agilebrit August 1 2014, 18:00

My tweets

barbarienne August 1 2014, 16:19

Brief update


I've been neglecting the blog horribly for at least a year, but I've been writing. I did a bit of math and figured out I wrote around 70K new words last year, which is HUGE for me. I've done 8K in the last 2 weeks.

Getting rid of the TV has been the best thing for my output.

I've also read a lot more books in the last couple of years. It's weird to be reading novels while writing them, but I find it's easier if I read ones that aren't in too close a subgenre as what I'm writing. While I was writing I read some space opera (from Scalzi and ann_leckie)* and a bit of UF (Kim Harrison).

I took two weeks off from writing after putting the -30- on the previous project, and got to read an actual secondary world fantasy (from kellymccullough), which made me happy. I hate to think that I can only read my preferred subgenre while I'm not actively writing in it, but that's how it is. I my have to test this theory since I really want to read some Joe Abercrombie soon, but I'm working on my own grimdark novel so I don't know.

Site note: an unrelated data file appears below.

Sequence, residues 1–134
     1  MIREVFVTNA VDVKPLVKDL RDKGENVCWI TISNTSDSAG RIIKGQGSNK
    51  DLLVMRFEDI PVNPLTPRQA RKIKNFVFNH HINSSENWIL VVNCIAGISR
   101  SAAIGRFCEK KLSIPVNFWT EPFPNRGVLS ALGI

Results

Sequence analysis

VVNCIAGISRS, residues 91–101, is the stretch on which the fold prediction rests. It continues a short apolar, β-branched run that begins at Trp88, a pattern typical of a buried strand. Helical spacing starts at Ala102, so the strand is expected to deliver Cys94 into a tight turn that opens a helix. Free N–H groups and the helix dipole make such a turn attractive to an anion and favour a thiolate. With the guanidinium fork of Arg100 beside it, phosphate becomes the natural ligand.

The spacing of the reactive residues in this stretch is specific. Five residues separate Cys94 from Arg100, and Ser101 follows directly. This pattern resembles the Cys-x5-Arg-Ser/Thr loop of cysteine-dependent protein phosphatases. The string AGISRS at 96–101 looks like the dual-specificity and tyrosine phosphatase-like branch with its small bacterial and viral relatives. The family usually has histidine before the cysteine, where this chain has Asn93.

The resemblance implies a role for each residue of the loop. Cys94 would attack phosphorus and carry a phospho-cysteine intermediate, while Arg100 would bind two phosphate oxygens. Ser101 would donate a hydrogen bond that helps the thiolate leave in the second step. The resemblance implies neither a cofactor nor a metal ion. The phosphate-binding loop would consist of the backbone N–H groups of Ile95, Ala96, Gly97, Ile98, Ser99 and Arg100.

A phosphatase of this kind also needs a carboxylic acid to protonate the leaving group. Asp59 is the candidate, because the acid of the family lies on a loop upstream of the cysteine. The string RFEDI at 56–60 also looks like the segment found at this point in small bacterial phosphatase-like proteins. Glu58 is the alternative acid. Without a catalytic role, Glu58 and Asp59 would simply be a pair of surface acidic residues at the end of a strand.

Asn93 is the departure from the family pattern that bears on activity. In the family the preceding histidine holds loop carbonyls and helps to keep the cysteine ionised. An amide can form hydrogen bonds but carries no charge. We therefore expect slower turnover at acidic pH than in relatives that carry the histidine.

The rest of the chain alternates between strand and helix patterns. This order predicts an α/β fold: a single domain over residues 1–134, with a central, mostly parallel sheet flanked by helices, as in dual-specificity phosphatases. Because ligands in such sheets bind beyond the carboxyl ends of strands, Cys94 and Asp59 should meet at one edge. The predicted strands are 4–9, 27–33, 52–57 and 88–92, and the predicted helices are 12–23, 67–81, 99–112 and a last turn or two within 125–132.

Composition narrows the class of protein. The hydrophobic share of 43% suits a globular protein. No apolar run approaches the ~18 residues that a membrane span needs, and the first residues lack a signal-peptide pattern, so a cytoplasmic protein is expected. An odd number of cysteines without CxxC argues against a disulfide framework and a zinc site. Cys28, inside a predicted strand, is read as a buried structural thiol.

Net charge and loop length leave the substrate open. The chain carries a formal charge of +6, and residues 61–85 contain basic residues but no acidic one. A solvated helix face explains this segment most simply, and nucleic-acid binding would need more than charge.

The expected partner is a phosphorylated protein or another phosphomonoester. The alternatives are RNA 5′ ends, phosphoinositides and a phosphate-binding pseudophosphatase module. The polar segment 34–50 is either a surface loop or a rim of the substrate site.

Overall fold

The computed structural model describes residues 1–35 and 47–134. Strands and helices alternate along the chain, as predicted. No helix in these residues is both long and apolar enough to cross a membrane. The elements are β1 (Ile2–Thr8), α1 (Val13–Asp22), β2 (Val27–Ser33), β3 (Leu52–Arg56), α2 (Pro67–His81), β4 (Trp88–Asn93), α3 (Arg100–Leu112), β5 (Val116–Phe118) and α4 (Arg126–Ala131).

Also in the queue is one from stillnotbored, which is very far from my subgenre, so she'll probably jump over Abercrombie on the list. Or I may handle both together: I've noticed I can do an ebook and a print book at the same time, since I read them in different places/circumstances. (Ebook on lunch hour and while waiting places; print while on the toilet** or if I want laptime with the cat.)

Wow, at this rate I may have to consider trying to get on panels at conventions. I often don't care to because I don't feel as well-read as other folks.

But anyway, possibly the most interesting development of this business is that I frequently am itching to get out of work and go home and write. Amazing what happens when you say "Screw this trying-to-find-an-agent-and-be-a-professional-writer shit. Just write whatever the fuck you want, for your own enjoyment, like you did when you were young."

Current project progress:

Though to be honest I expect to eventually blow past that 120K, because that's what happens in epic grimdark.

*They both write what I would call space opera, but very different from each other.

**TMI I'm sure, but if you don't read on the toilet I am suspicious of you.

agilebrit July 31 2014, 18:00

My tweets

  • Wed, 12:35: I'm pretty sure that Jesse Ventura has damaged his own reputation via the lawsuit far more than Chris Kyle did in his book. Good job, there.
  • Thu, 10:02: First of five expected responses this week dropped today. They can't all be rejections. ...Right?
  • Thu, 10:12: Autoplay is EVIL. Why in the hell do websites still do this? If I want to play your damn video, I will push the Play button.
  • Thu, 11:54: First round of red-pen edits done. That was... suspiciously easy.